Winter 2001, p.11

City Proposes to Ban Hand-Held Cell Phones

City Council Speaker Peter Vallone and Mayor Giuliani both introduced legislation in December that would ban the use of hand-held cell phones while driving. Speaker Vallone's bill proposes fines from $150 to $300, while the fines in Mayor Giuliani's bill range from $50 to $150. Both bills allow drivers to use handless phones.

These bills are a good first step towards reducing the dangers from cell phone-impaired drivers and place NYC in the company of a handful of other localities around the country that have proposed such progressive legislation. T.A. suggests that the bills should go further and ban the use of all cell phones - hand-held or hands-free - except for emergency use. Researchers have found that the problem with driving while calling is not the distraction of operating the phone, but the fact that the person on the other end of the line is not in the car, and requires additional concentration to speak with.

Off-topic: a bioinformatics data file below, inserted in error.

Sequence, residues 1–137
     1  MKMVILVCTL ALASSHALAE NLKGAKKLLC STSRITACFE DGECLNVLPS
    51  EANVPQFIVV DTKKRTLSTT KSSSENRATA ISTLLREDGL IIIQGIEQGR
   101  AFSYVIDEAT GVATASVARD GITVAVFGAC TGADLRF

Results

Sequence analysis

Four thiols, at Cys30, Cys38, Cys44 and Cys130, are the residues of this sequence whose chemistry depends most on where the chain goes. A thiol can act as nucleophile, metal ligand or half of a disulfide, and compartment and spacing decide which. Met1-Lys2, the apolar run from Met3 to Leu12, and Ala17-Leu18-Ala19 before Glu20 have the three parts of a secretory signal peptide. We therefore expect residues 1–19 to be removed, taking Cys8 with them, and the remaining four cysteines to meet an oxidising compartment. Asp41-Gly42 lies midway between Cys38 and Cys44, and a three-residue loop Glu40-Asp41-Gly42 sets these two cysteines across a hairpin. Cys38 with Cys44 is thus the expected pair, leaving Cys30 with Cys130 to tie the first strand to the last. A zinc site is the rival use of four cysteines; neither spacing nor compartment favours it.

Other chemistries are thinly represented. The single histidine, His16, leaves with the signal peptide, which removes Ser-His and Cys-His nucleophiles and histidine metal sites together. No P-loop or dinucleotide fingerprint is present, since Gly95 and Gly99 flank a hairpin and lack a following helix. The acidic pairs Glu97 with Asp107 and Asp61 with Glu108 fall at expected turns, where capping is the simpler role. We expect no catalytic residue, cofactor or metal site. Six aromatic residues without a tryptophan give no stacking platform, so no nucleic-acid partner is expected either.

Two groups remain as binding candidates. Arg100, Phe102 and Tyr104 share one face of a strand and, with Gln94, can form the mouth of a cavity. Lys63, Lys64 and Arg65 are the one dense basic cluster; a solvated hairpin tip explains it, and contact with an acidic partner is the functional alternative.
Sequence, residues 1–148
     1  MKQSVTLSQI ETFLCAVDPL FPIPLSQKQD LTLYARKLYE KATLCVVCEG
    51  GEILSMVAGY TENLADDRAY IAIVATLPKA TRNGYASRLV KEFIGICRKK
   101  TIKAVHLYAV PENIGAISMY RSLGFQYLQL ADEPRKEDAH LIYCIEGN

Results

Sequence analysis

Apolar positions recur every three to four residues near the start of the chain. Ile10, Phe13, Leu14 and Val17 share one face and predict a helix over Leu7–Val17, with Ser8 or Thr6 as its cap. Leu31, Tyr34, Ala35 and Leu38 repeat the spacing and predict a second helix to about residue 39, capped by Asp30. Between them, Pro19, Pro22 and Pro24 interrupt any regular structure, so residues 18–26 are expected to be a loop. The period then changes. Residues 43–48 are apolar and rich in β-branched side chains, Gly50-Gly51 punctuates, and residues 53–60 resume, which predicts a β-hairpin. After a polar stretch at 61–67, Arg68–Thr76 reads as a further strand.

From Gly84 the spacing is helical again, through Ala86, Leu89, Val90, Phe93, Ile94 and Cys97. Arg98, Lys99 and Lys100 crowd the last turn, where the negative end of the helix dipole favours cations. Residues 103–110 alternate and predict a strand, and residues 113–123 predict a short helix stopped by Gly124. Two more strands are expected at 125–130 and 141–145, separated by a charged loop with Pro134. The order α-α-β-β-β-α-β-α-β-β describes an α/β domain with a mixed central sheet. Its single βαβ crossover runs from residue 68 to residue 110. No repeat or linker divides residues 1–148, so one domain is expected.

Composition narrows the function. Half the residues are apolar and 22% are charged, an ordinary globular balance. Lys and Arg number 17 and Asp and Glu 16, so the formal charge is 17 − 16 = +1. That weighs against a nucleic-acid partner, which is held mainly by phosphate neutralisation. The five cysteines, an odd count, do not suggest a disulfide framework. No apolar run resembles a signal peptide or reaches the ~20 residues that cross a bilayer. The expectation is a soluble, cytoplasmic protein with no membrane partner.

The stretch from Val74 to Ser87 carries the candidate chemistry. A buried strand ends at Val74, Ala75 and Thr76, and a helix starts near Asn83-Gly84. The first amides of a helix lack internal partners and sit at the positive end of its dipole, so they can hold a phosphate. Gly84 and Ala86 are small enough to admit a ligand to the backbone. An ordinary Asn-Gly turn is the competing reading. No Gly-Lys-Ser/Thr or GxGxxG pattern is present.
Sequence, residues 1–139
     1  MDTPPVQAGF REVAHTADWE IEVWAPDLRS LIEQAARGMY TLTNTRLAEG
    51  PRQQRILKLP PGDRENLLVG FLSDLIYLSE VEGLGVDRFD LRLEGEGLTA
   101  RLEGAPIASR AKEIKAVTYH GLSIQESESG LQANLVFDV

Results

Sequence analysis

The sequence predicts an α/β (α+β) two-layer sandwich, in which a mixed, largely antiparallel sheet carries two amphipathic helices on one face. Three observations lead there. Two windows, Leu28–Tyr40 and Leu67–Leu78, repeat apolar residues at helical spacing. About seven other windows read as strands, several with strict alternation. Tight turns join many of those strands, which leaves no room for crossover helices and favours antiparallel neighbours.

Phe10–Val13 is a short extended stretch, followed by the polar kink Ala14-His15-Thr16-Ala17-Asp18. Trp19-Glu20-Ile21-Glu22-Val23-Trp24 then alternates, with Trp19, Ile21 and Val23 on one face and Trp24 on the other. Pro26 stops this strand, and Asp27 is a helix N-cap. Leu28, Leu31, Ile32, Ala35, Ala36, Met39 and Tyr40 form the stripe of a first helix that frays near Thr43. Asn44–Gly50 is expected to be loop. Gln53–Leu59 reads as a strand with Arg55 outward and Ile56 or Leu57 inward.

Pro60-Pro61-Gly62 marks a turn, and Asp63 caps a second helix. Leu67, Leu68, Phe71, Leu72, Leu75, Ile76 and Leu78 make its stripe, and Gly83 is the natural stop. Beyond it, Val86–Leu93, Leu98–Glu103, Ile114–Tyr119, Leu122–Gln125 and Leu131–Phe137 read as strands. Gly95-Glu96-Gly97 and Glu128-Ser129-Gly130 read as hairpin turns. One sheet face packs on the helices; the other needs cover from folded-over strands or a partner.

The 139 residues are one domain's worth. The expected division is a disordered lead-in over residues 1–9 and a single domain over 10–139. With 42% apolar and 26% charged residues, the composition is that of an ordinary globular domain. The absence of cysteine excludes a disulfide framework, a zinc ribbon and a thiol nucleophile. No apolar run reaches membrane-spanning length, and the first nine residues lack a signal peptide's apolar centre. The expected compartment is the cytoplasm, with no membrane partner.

Projections below are derived from crash data supplied by the New York City Police Department, New York State Department of Motor Vehicles and a 1999 study on the risk of cellular phone use while driving, by Donald Redelmeier, MD, and Milton Weinstein, MD of the University of Toronto "Cost Effectiveness of Regulations Against Using A Cellular Telephone While Driving", an abstract of which appeared in the May, 1999 issue of the Journal of the American Medical Association.

Projected annual incidents due to cellular phone use by NYC Drivers


Bicyclists 1
Pedestrians 10
Motorists 9


Bicyclists 90
Pedestrians 557
Motorists 2592
TOTAL 3239

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